While you may have seen enough teen movies in your lifetime to fill a small film collection, but Mean Girls is different because it shows, in the most realistic sense, that high school is a bitch that we must live through. The strong script saves the film from the mediocrity of its by-the-book plot, and equally strong acting makes the film all the more believable.

Eurotrip is the film that cost DreamWorks the talent of director Todd Phillips, who had nothing to do with this film, and DreamWorks’ constant promotion of the film, implying he may have been, has opened up a very visible rift between the two parties, and it seems that Phillips was on the right side of the argument as Eurotrip, even being hyped as being from the producers of Old School and Road Trip, serves no greater purpose than to show just how ignorant American tourists are and show the lax borders on the MPAA’s rating system.

Those looking for the next big thing are going to be looking for a while, as Eurotrip does absolutely nothing new through its 90 minute running time. In fact, the plot is almost directly ripped off of Phillip’s Road Trip. Road Trip consisted of four guys heading to Texas to recover a video tape inadvertently mailed to one of their girlfriends who lived there. Replace “video tape” with “email” and you have the premise of this film.

We pick things up right after high school graduation where Scott (Scott Mechlowicz) is dumped by his cheating girlfriend and left with the companionship of his best friend Cooper (Jacob Pitts) and online, German pen-pal, Mieke (Jessica Böhrs), whom Scott believes is a man. When an email from Mieke asking to come to America and meet Scott is taken the wrong way (after all, Scott still believes her to be a him) he finally figures out the errors of his ways only after sending back a rather terse reply that gets him banned form the ungodly hot German’s inbox. So, in all his wisdom, Scott sets out to Berlin to make a mends with his pen-pal, and along the way gets involved in some wacky adventures.

While in Paris, Scott and Cooper meet up with Jenny (Michelle Trachtenberg) and Jamie (Travis Wester), two twins who are sight seeing. With four teenagers in foreign countries and an, seemingly, unlimited supply of money, what could possibly go wrong?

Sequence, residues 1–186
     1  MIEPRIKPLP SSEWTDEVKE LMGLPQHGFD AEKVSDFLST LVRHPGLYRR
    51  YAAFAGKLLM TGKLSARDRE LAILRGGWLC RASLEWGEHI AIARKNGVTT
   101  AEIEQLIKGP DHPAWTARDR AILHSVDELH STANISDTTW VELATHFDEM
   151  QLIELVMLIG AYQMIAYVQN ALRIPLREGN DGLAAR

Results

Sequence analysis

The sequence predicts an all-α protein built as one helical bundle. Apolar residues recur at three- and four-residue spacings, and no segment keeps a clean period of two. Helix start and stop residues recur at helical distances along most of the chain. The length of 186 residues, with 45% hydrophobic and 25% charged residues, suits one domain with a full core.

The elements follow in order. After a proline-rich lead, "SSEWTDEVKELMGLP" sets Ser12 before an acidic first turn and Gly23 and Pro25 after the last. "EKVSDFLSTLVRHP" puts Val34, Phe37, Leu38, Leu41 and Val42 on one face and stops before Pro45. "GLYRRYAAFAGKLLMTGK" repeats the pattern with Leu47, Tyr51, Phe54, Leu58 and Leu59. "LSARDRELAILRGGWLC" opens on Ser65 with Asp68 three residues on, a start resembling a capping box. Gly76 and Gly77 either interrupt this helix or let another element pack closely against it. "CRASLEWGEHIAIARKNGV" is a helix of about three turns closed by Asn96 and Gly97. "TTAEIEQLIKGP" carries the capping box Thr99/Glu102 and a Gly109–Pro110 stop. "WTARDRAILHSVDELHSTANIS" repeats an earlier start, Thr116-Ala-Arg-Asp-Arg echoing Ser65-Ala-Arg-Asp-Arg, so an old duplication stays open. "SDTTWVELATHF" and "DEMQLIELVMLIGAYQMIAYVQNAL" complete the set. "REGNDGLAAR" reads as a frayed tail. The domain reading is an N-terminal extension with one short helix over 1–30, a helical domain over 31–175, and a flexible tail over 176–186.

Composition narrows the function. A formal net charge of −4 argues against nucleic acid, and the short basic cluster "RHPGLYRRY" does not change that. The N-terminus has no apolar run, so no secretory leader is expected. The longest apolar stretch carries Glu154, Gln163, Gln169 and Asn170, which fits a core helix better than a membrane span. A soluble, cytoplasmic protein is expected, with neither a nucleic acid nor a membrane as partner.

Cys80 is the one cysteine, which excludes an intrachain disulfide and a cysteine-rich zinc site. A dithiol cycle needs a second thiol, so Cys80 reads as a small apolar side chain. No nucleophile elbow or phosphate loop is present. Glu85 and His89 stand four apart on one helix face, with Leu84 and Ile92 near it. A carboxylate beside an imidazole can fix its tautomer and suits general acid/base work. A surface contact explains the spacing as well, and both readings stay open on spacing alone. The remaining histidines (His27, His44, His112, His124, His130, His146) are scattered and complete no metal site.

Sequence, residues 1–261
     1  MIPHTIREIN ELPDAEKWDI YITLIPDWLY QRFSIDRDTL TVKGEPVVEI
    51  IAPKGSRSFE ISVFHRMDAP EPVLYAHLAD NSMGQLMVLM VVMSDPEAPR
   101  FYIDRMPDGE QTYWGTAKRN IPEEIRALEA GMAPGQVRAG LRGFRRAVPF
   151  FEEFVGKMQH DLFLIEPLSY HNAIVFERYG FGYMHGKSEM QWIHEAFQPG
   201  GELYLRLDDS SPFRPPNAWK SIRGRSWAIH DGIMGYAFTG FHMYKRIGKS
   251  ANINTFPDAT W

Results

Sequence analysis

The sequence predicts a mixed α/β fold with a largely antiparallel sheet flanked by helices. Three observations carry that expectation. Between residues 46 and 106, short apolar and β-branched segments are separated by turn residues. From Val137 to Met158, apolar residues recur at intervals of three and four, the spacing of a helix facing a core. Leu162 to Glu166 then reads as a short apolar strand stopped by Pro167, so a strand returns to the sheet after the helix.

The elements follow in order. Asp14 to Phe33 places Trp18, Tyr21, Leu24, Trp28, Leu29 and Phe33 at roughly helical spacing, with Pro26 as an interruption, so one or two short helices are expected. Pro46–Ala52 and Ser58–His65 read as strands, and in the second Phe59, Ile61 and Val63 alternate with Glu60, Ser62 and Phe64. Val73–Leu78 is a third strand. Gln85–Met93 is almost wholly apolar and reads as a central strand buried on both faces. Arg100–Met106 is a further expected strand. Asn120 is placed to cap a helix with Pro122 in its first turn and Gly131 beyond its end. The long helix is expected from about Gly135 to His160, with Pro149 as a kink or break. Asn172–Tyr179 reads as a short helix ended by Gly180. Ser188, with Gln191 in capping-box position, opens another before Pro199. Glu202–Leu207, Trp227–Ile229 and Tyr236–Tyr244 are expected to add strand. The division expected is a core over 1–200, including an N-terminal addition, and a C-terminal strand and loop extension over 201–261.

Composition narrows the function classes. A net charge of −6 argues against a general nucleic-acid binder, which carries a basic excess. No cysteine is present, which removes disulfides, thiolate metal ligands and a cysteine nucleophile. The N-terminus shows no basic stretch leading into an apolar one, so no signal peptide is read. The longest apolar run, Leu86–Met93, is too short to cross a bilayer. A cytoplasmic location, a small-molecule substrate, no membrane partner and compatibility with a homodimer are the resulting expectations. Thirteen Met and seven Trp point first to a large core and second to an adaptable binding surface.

The film isn’t necessarily bad, but it isn’t really that good either. One of the most uncomfortable portions of the film is a trip to a nude beach filled with only those possessing the Y chromosome, and director Jeff Schaffer decides that this would be the best time for a long, overdrawn wide angle shot with nearly 50 guys standing, staring precariously into the camera fully nude. To add insult to injury, Schaffer then decides it would be hilarious for these guys to chase after our heroes, still fully nude, and give us a front row seat to the sausage-fest. Adding together all the movies I have ever seen, and combining them all, I never seen so much full frontal nudity and it couldn’t be any more disturbing.

To make up for the situation there is a healthy amount of female nudity, and not bad nudity at that. In fact, I would go so far as to say Eurotrip has the most nudity, ever, in a film released in the United States that I have seen. For the most part, though, this serves no purpose to the plot other than shock value and bringing one man’s dreams to the big screen.

Eurotrip is just a mindless, spring film to hold us over to the big guns start firing this summer, or what we believe to be big guns. The film does have some funny moments, and the song sung in the beginning about Scotty not knowing about his girlfriend’s infidelity is really catchy, but when you walk out of the film, at the end, hopefully, you won’t remember much of what you have just seen. You’re better off popping in the Old School or Road Trip DVDs and seeing some good laughs and leave Eurotrip to the pre-pubescent teens how think a batch of naked guys running on a beach is gut-busting funny.

Director Todd Phillips is really enjoying himself on the director’s A-list, and he has ever right to be there. His three films have grossed hundreds of millions of dollars and become staples of college life. Road Trip introduced to us a break from the standard college teen comedy; Old School put us back into a college setting in our mid-thirties, and now Starsky & Hutch re-envisions the 1970’s television show for a new generation full of campy stunts and great personality.

Starsky & Hutch (TV) ran for 88 episodes in the 1970s in a decade that was known for putting out some zany television shows. The pairing of a by-the-book cop and one who takes things now quite as seriously isn’t a new concept in Hollywood, in fact, you could say the idea has been beaten into the ground more times than you can count, but for Starsky & Hutch the formula is fresh with an excellent screenplay and enough jokes to get you through the films 90 minute running time.

David Starsky (Ben Stiller) is the aforementioned by-the-book kind of guy who is out to catch the bad guys, shows up to work on time, and never does errands while on city time. Ken “Hutch” Hutchinson (Owen Wilson) is the exact polar opposite of Starsky, so it is only natural that they would become partners in this wacky world of fighting crime. Along for the ride is Snoop Dogg’s wondrous portrayal of Huggy Bear, one of Hutch’s most valuable informants. To say that Snoop steals the movie would be an understatement. He steals every scene that he is in, which is refreshing after such disappointments as Bones.

The antagonist this time around is Old School alumni Vince Vaughn playing Reese Feldman and arrogant drug cartel kingpin who has a short temper and a ditsy mistress (Juliette Lewis). Starsky and Hutch soon learn of Feldman’s goal in selling cocaine that cannot be detected by dogs, and tastes strangely like sugar, as one of the film’s funnier moment’s points out. After the disappointment of Club Dread, Starsky & Hutch was a welcomed change.